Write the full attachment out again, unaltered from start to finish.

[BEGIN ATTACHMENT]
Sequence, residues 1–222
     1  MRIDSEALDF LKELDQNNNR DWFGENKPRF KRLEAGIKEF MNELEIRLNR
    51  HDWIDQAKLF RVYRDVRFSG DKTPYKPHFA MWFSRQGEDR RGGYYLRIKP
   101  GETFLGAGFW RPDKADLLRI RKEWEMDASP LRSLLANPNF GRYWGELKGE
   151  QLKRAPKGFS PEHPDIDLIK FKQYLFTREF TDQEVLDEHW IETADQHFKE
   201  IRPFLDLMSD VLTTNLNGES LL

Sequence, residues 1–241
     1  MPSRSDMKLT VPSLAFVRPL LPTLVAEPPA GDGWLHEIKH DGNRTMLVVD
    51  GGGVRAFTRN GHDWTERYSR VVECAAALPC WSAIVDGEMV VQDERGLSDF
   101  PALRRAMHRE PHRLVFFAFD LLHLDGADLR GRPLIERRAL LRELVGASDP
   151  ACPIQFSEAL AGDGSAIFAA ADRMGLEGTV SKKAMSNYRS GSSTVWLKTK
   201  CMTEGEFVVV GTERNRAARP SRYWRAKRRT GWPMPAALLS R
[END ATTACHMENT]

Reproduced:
Sequence, residues 1–222
     1  MRIDSEALDF LKELDQNNNR DWFGENKPRF KRLEAGIKEF MNELEIRLNR
    51  HDWIDQAKLF RVYRDVRFSG DKTPYKPHFA MWFSRQGEDR RGGYYLRIKP
   101  GETFLGAGFW RPDKADLLRI RKEWEMDASP LRSLLANPNF GRYWGELKGE
   151  QLKRAPKGFS PEHPDIDLIK FKQYLFTREF TDQEVLDEHW IETADQHFKE
   201  IRPFLDLMSD VLTTNLNGES LL

Sequence, residues 1–241
     1  MPSRSDMKLT VPSLAFVRPL LPTLVAEPPA GDGWLHEIKH DGNRTMLVVD
    51  GGGVRAFTRN GHDWTERYSR VVECAAALPC WSAIVDGEMV VQDERGLSDF
   101  PALRRAMHRE PHRLVFFAFD LLHLDGADLR GRPLIERRAL LRELVGASDP
   151  ACPIQFSEAL AGDGSAIFAA ADRMGLEGTV SKKAMSNYRS GSSTVWLKTK
   201  CMTEGEFVVV GTERNRAARP SRYWRAKRRT GWPMPAALLS R